A question I’m still continually asked is why there’s virtually no coverage of showjumping on mainstream television – especially when it was so popular in the 1960s, ’70s and ’80s.
Due to the enthusiasm for football, other sports have had air time reduced. But I really do think that British Showjumping (BS) must put more resources into the promotion of our sport.
For years I’ve been at odds with the present administration over it. They maintain that BS is a body for all members, and from a democratic point of view, I agree that it’s run very fairly.
But having lived through those earlier days of extensive TV coverage, I know just how much effort a number of astute businessmen and promoters put in to make showjumping so popular with the public and appealing to broadcasters.
Like me, they believed the more successful a sport is at the top, the more everyone stands to benefit. So instead of just looking internally at showjumping, we need to acknowledge what a major player it’s become in global sport.
In normal times, top grands prix are watched by sold-out crowds every week. And surely, when riders are competing for millions of euros in front of audiences of tens-of-thousands at Aachen, Spruce Meadows and Geneva, it’s time to wonder why our sport is no longer mentioned in our national press.
It’s a shocker because showjumping has a good profile in most other European countries. Peder Fredricson won the Swedish version of Sports Personality of the Year for two years running in 2016 and 2017, whereas in Britain, our sport’s last recipient was David Broome in 1960.
We need to invite sports editors and other media to our best competitions, like the Global Champions Tour in Chelsea or the King George V Gold Cup at Hickstead, to show them the inside story.
They need to see the stables, the collecting ring and meet stars like Scott Brash and Ben Maher. Then journalists can see for themselves what fit, dedicated sportsmen they are – rather than wealthy individuals as is usually perceived.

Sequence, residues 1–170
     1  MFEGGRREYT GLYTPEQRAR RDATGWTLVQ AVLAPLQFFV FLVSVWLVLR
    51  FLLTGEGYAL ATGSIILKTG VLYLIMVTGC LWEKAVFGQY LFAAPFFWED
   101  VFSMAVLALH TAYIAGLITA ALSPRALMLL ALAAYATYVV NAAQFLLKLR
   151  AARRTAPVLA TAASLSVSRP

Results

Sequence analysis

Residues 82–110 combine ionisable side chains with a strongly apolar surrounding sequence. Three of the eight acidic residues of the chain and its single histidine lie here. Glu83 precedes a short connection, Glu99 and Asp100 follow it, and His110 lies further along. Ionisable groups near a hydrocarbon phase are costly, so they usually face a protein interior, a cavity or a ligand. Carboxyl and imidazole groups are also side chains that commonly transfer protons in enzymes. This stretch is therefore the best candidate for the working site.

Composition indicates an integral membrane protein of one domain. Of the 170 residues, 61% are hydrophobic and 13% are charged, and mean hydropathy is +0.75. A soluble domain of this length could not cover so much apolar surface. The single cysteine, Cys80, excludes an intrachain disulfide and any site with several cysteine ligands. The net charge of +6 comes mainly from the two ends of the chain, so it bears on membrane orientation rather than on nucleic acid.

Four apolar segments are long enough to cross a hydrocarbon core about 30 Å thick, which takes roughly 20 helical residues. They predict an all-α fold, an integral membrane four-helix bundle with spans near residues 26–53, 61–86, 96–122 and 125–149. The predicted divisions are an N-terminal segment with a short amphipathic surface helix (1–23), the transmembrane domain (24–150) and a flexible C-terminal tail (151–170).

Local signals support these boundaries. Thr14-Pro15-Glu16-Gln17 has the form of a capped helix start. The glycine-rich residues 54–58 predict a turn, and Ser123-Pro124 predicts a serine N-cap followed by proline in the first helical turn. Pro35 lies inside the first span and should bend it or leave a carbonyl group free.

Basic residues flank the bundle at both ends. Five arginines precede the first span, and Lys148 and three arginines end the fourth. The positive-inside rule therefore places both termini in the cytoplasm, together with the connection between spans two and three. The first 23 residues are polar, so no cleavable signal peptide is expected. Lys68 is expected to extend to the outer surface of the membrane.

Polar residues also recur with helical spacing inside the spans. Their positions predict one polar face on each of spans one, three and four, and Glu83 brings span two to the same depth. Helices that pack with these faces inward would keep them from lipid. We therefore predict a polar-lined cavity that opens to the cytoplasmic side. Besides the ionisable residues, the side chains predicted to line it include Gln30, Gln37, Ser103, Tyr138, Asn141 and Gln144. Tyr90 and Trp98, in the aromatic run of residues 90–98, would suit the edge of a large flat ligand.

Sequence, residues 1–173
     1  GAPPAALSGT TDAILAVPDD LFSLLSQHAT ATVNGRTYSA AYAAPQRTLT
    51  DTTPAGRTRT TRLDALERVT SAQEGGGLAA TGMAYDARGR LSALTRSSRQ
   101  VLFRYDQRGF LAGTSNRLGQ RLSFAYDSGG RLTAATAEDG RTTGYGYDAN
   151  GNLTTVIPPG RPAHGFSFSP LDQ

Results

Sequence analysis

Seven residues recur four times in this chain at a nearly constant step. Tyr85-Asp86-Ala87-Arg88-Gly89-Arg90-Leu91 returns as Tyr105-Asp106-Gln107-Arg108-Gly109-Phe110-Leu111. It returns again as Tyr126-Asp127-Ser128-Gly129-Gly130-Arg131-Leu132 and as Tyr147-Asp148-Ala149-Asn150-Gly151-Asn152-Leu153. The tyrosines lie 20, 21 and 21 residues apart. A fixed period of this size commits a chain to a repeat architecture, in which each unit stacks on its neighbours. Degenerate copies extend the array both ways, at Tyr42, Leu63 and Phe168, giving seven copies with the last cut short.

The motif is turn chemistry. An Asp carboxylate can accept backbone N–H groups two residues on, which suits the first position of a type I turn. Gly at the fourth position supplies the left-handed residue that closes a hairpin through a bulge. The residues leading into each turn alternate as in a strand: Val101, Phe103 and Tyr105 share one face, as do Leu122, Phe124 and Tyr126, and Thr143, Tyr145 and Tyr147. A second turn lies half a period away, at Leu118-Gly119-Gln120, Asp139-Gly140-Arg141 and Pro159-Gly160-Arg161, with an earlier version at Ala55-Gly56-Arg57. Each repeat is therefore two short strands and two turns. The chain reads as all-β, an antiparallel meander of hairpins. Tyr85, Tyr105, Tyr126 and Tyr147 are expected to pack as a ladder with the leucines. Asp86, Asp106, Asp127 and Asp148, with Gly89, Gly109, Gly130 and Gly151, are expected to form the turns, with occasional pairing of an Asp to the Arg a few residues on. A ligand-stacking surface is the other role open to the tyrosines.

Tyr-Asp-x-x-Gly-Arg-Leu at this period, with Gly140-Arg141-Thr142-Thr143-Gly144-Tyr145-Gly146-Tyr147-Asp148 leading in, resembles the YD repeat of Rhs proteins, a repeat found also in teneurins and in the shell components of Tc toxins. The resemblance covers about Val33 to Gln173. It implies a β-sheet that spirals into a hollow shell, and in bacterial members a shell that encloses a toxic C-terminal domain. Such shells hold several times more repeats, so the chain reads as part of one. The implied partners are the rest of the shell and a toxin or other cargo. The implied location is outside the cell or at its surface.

The person we should put in charge of making these introductions is Nick Skelton. A forward-thinker and the ultimate perfectionist, he’s also the present Olympic champion.
In fact, despite the massive story surrounding his fantastic gold medal win four years ago, I don’t think it’s been capitalised upon anywhere nearly enough. And speaking to Skelly recently, he totally agrees.
When it comes to gaining more overall media attention, I can’t think of a better advocate for showjumping than Clare Balding – if she would be prepared to take it on. With those two leading the charge, we’d really start to go places.
And there’s another opportunity missed. With no live sport currently on Sky or BT, subscribers – many with more time on their hands – have had a pitiful fare to watch.
Couldn’t these channels be approached and offered coverage of some of last season’s top grands prix? It’s unlikely many viewers would know the results, and I can’t believe that a sport enjoyed by millions in its heyday wouldn’t have better viewing figures than a second-tier Bundesliga football match.
There are most certainly tough days ahead. But we have a great product to sell – and we need to keep pushing until we get a foot in the door. And once we do, to keep it there until the door opens. Now’s a good time to do it.
Space to roam
Listening to Prince William talking about how successive weeks of isolation can affect mental health made me realise how lucky most of us are to have plenty of space to roam.
We’d usually be chasing our tails on the road or at shows, so lockdown has been the ideal time to get all those jobs done around the yard. And if anyone asks me if I’m bored, my standard answer is: “Well it sure beats dying.”
I’ve always admired those yards that have Mondays off after a busy week competing. In my case, if someone wants try a horse on a Monday, I’m open for business.
At the risk of sounding like Old Father Time, I can remember when there were very few shows held on Sundays. And when there started to be more, my father didn’t like the idea at all. He always maintained that when you had a day off, you rested up and then got more done the next week.
Of course, the arrogance of youth led me to question this. And now I realise that much of what he said was right. But then again, he usually was.
Ref Horse & Hound; 30 April 2020